Mindful meals at Charlotte restaurants
by Katie Toussaint Thurston
“It’s so hard to eat healthy when I go out.” That’s one of the most common statements I’ve heard from clients since I became a certified nutrition coach last year. The good news for them, and for all of us: It’s actually quite simple, if you’re open to it. Taking a healthy approach to eating your way through the Charlotte restaurant scene comes down to two things: Mindset and choice.
Starting with mindset, a more sustainable way to think about eating in general is to stop trying to cram every meal into the boxes of “healthy” or “unhealthy.” Instead, reframe that to: How can I make healthier choices? That way, you’re working along a spectrum (think: a little bit better) versus an all-or-nothing approach (such as: if it’s not the healthiest, it’s completely unhealthy).
A healthier approach can be simple if your goal is to find balance. Hint: We want it to be simple because that sets us up for success in the long term.
Which leads to choice: To create more balance with your meals, seek out menu items that offer both nutritional benefits (proteins, fiber-rich carbohydrates, mostly unsaturated fats and plants) as well as emotional satisfaction. Not only will you be able to enjoy what you’re craving emotionally (say, the comfort of a bowl of spaghetti), but you’re also adding items that support your nutritional goals, like a side salad or green beans to contribute to your health and vitality.
While we’re at it, let’s not hate on spaghetti either — spaghetti with meatballs still provides carbohydrates for fast energy and protein for needs like muscle repair. But if that’s the only food you’re eating, you’re missing out on the vitamins and minerals your body could be getting from a plant-heavy side dish or appetizer.
A balanced plate is key when taking a healthier, more sustainable approach to personal nutrition. Here’s how to set yourself up for healthier meals at some of my favorite local spots.
For high protein: The Porter’s House
I was excited to book a reservation at this chophouse for my family’s Christmas Eve dinner. There are so many protein-heavy options beckoning to me on the menu: crab cakes, lobster tail, smoked salmon. Look for entrées that automatically set you up for balance: For example, ginger honey-glazed salmon with spaghetti squash, asparagus and green onion. Consider a side of mashed potatoes for some more carb content to balance the plants, protein and fat.
For satisfying takeout portions: Viva Chicken
This Peruvian spot has locations from Waverly to Concord, and their online orders always seem to be ready right on time — not to mention ideally portioned for dinner on the couch. Many options are packed with greens, protein and high-fiber carbohydrates, like the Limena Chopped Salad with romaine, solterito (Peruvian corn, edamame and queso fresco), chickpeas and added chicken; and the Naked Peruvian Wrap with quinoa, kale, cucumber, avocado and chicken. The best part: The serving sizes of Viva Chicken’s takeout containers easily reach a comfortable fullness threshold.
For balanced comfort: Little Mama’s
There’s nothing more soothing than tucking into a plate of pasta alongside a heavy pour of Montepulciano. Hence my choice of Little Mama’s for my birthday dinner while I cope with the fact that I’m getting carded less and less frequently. While there’s an abundance of pasta platters on the menu, from penne alla vodka to four-cheese ravioli, these dishes are flanked by lists of bright salads and sides like shaved and braised Brussels sprouts and braised beans and greens. I went for the protein-and-plant-heavy Combo Parm with eggplant and chicken served with a side of spaghetti, with the Chopped Salad full of kale and Marcona almonds as an appetizer. (Disclaimer: My husband works for FS Food Group, which owns Little Mama’s, but my love for this dish is heartfelt!)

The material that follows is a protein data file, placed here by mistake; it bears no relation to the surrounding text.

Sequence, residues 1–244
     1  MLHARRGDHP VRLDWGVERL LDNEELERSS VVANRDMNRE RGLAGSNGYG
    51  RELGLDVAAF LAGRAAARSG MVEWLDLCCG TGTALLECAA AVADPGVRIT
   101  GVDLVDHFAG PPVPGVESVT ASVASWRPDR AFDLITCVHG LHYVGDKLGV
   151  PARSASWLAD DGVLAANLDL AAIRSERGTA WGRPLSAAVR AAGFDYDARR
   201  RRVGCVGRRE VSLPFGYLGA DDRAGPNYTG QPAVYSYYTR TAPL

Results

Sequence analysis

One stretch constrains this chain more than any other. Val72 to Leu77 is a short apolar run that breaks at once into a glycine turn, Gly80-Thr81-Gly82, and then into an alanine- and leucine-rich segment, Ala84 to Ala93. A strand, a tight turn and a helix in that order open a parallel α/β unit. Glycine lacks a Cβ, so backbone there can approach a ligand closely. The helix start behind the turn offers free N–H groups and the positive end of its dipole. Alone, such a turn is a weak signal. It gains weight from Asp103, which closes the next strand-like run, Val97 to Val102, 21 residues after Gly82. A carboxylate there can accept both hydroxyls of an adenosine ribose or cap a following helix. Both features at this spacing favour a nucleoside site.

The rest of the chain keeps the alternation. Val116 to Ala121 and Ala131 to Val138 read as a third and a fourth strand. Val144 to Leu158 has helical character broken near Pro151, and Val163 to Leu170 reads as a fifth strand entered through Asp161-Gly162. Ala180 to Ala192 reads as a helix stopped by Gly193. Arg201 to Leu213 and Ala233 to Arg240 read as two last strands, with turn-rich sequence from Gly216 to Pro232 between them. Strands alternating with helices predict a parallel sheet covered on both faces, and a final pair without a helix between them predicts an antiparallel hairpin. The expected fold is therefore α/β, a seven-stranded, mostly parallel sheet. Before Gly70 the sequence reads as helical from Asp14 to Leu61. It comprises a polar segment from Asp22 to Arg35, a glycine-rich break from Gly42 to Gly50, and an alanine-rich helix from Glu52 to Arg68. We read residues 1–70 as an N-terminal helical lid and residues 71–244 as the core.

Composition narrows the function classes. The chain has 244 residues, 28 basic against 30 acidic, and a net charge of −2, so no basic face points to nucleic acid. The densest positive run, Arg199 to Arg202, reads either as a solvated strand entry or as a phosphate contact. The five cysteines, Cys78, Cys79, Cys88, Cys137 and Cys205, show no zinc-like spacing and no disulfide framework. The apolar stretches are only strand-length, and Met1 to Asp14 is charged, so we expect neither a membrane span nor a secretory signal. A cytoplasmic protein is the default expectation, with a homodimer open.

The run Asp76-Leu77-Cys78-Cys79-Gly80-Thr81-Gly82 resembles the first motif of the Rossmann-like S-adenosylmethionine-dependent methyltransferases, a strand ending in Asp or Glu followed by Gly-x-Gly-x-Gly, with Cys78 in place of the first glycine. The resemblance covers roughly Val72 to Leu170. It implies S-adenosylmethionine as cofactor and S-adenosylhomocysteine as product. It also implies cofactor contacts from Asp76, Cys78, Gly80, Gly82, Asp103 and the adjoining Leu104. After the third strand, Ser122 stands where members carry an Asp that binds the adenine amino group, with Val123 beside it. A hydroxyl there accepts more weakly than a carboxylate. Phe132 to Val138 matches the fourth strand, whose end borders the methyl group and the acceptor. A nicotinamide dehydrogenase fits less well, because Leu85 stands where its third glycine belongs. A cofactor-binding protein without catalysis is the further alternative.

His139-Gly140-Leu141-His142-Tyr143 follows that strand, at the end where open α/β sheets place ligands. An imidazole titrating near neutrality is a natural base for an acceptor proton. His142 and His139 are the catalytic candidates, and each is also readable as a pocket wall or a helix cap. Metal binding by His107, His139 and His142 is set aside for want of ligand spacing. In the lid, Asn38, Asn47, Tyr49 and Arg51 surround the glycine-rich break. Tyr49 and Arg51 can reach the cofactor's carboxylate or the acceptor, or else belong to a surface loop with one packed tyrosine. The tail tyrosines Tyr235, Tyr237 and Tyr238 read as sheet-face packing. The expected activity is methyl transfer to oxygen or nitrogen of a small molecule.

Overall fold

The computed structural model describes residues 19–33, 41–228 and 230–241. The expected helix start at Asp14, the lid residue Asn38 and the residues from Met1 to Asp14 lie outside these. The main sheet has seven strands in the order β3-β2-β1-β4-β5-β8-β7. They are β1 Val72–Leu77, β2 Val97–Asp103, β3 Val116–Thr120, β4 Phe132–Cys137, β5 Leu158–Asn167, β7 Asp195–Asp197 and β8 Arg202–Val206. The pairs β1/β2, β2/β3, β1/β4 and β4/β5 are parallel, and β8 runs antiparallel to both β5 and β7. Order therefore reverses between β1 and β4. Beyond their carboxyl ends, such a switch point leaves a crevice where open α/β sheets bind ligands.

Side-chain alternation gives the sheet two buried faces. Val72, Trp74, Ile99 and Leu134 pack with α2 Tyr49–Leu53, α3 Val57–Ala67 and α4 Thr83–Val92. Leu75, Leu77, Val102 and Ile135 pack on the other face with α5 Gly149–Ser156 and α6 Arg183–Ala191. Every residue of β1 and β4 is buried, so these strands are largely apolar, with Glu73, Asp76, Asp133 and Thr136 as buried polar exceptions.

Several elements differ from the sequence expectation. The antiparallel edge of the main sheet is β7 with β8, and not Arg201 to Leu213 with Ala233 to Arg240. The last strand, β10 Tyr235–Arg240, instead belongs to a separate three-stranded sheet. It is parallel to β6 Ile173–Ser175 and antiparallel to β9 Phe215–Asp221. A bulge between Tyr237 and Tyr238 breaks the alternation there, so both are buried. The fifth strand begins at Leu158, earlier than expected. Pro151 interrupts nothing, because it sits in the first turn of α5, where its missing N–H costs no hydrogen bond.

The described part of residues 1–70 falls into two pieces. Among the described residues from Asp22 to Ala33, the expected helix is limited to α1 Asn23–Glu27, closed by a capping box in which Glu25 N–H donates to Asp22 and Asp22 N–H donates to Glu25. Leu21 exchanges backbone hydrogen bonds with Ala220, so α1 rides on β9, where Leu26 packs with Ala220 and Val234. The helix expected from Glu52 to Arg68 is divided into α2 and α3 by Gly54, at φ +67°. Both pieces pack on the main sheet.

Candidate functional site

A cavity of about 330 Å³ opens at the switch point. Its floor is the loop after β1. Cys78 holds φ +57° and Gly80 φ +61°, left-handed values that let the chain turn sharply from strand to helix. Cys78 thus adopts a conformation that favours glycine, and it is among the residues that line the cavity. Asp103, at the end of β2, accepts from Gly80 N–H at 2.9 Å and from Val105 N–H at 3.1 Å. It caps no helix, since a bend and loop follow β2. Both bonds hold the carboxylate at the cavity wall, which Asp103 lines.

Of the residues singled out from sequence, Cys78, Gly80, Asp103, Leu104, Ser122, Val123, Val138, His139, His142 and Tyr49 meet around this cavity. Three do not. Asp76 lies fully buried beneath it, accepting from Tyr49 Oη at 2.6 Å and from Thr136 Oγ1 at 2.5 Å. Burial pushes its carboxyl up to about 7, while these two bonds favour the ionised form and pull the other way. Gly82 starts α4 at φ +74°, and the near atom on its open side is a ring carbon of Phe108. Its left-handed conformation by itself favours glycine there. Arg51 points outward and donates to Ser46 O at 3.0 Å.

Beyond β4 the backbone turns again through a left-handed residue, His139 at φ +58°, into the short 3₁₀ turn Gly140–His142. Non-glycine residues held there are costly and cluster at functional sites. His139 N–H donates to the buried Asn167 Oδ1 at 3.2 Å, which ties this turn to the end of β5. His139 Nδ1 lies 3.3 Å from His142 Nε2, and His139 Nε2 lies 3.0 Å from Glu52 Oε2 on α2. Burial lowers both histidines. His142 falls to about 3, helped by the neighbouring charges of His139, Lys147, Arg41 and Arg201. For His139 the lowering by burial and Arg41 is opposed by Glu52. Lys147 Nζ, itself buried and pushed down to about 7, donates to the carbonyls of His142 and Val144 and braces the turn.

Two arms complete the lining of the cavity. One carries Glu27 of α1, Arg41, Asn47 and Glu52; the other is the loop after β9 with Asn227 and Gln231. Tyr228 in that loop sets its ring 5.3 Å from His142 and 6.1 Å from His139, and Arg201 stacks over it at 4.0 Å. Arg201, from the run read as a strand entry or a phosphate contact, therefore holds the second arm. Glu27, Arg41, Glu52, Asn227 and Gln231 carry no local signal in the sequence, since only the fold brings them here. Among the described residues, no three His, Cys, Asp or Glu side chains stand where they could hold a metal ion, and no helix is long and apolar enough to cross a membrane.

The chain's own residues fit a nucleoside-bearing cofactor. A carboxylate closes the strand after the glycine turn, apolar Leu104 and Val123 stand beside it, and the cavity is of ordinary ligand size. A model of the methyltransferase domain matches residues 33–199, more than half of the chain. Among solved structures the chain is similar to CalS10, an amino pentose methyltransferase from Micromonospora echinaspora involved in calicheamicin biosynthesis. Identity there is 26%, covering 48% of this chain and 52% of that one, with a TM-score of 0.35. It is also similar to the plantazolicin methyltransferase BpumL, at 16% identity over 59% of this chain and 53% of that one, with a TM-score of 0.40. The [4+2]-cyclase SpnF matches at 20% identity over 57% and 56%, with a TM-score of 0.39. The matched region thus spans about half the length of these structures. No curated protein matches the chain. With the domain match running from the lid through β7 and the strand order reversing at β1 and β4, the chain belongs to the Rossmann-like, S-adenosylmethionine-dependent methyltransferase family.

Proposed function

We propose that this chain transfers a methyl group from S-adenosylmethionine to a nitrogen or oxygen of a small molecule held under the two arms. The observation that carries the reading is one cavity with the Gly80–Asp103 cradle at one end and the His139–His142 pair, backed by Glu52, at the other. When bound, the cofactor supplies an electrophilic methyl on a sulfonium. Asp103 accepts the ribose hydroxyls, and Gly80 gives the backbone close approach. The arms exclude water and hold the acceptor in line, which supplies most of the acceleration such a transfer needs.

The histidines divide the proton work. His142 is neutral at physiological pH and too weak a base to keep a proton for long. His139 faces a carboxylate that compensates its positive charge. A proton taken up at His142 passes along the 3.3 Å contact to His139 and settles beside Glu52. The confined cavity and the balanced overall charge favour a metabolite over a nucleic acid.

For menu diversity: Lang Van
This East Charlotte gem has a book of a menu, full of steamed vegetables, fried rice, noodles and broths, fish, beef, tofu, and beyond. It’s perfect if you’re making a point to consume a diversity of foods, which sets you up for a better chance at getting all the nutrients you need to thrive. I’m particularly a fan of the crispy Ginger Tofu with vegetables and rice, while my husband tends toward the Pho Tai or Lemongrass Chicken. Even if you dine here often, you could easily get something different every time you go.
For a mindful approach: Dilworth Tasting Room
Whether I’m seated at the secret-garden-esque patio of the Dilworth location or settled under the elegant pendant lights at the newer SouthPark location, I come to DTR to sip wine. Slowly. And if I order a meal, from the octopus to the DTR salad (mixed greens, toasted walnuts, apples, figs and goat cheese), I come here to savor that just as slowly.
DTR sets a mood of mindfulness — there’s so much for which to be fully present: To see (the glow of the lights), to smell and taste (the notes in your glass), to feel (the curve of your chair as you lean back and relax), to hear (the clinking of glasses and pleasant chatter of other guests). Mindful meals mean emotionally satisfying meals.
These descriptors could be attached to so many places in Charlotte. Treat this as a prompt. The next time you’re making plans to dine out, ask yourself: Where can I go to get what I’m craving, and what’s on the menu that I can add to that for extra nutrition? And off you go, eating healthier in Charlotte. Easy. SP
Cover photo: Ginger honey-glazed salmon at The Porter’s House by Justin Driscoll